Now I've never been one to spread gossip, but this particular item deserved a little attention.
Smith acknowledges that the Lakers, owners of the NBA's highest payroll, do not have the sufficient cap space to sign LeBron outright. His rationale is that if LeBron has his heart set on going to the Lakers then the Cavs would have no choice but to accommodate his majesty, or risk getting nothing for him in return.
To make matters even more complicated, Smith writes "I’ve heard this scenario from some NBA people, though I’ve heard every other one as well..."
Well, that last part I agree with. If James did plan on leaving town the Cavs would be much better off at least getting one building block for him.
Here's what Smith writes about the particulars of the deal:
"If [the Cavs] don’t accommodate him, he’s going to New York or Miami and they get nothing. But if they do in a sign-and-trade to save the franchise, they get a young, potential All-Star center in Andrew Bynum. Maybe Lamar Odom as well or Ron Artest. Draft picks, some pieces like Jordan Farmar."
Now I don't know if Smith knows this, but Farmar is going to be a free agent next summer. And while I don't think the Lakers would hesitate to pull the trigger on either a Bynum and Odom or a Bynum and Artest for LeBron trade, Lakers first-round draft picks are useless when you consider that for at least the next four years they are not going to be that much better than second-round picks.
So here's the question, if you're a Cavs fan and you know LeBron is leaving, is Bynum the type of centerpiece you'd be looking to get back in a trade for James?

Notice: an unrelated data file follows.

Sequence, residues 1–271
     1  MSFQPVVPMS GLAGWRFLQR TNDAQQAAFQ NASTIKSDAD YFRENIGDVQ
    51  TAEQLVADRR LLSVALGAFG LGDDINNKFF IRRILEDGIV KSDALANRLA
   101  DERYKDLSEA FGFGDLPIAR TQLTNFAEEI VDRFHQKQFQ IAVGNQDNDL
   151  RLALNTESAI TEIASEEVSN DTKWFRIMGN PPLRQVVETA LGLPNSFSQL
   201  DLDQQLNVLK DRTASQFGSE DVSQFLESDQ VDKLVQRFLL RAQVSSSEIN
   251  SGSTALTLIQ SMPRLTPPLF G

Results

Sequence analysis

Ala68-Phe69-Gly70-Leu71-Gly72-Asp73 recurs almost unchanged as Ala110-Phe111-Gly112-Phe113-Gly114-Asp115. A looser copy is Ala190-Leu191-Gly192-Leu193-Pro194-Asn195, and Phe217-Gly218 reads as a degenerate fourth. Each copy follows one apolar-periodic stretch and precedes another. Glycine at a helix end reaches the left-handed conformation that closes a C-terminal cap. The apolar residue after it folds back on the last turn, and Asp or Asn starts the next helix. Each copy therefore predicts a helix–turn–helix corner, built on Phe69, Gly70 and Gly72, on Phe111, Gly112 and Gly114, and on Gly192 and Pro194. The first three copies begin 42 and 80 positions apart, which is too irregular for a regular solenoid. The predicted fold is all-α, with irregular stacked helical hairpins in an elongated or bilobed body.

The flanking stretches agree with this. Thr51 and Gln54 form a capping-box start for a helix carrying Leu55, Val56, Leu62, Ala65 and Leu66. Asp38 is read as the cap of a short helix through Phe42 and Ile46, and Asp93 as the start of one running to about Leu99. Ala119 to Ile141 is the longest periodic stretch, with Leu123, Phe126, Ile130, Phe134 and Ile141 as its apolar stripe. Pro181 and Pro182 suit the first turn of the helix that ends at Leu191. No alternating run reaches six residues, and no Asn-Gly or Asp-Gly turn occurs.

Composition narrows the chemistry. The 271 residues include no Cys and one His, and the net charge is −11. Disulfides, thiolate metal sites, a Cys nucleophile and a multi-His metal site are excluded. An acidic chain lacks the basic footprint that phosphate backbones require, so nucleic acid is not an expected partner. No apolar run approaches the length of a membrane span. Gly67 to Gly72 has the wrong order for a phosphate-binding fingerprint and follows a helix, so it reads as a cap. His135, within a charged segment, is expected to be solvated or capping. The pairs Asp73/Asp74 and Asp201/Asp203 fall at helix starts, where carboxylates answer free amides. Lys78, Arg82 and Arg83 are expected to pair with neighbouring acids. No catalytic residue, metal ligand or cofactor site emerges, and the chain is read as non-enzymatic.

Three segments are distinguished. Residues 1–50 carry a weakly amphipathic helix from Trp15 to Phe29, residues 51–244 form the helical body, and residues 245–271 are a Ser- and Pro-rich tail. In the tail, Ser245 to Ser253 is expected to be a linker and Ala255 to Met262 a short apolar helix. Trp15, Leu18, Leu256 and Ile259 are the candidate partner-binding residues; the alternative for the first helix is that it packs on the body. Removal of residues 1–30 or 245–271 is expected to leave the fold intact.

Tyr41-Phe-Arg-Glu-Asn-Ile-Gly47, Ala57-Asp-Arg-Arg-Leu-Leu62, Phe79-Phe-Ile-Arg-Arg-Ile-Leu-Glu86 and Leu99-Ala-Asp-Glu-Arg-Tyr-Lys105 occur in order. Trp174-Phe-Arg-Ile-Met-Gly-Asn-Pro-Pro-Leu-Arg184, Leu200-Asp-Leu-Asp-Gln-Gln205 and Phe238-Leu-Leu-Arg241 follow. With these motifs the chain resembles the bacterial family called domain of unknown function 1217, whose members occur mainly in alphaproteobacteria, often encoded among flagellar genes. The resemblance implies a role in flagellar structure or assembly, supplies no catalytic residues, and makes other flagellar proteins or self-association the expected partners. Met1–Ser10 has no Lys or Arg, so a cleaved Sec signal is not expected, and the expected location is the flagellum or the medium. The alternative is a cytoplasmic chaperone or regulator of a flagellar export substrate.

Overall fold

Odom has two more guaranteed years after this one on his current deal (with a team option for a fourth year) and Artest is signed for four more years.
Bynum is under contract for two more years after this one with a team option for a third.
If you're a Lakers fan, do you make either trade and give up on the promising Bynum while he's still healthy and you've got the chance?
I should let you all know that Smith is a bit of rumor-monger who has been throwing out hypothetical trades long before ESPN's Trade Machine and RealGM's TradeChecker™ came into existence.
I don't take anything he says that serious so I suggest neither should you.
If you asked me today where I thought James would go next summer I would tell you that I think he's going to re-sign with the Cavs for three years. James turns 25 in December and will still be 28 if he does as I suspect.
I just don't think that the teams that will have cap space next summer have enough, even with James, to be any better than the squad James is currently on. Not the Knicks, the Nets, or even the Heat with Dwyane Wade.
The lone exception would be the Bulls.
But if Smith, who lives in Chicago, doesn't seem to think the Bulls are an option, then why should I?
Smith kind of contradicts himself a little when he first writes "The general consensus seems to be LeBron stays in Cleveland given you can be a star from anywhere...," yet he follows that later saying "James has often talked about expanding his empire, and lately has been involved with books and movies. So where else but in L.A. would you want to be to be involved in the entertainment industry?"
So let me get this straight: You can be a star from anywhere, but you can only write books and make movies in L.A.?
I'd give the Lakers less than a five-percent chance of landing LeBron next summer? I'd give him a 50/50 shot in 2013 if he only signs with the Cavs for three more years.
Until then, get used to these types of articles from guys like Smith because there's going to be another just like it popping up every week until July 1, 2010.
Andrew Ungvari is a senior writer and featured columnist for Bleacher Report as well as co-lead blogger for the basketball website, SirCharlesInCharge.com.
For up to the minute news on all things basketball and occasionally brilliant thoughts and observations, follow him on Twitter.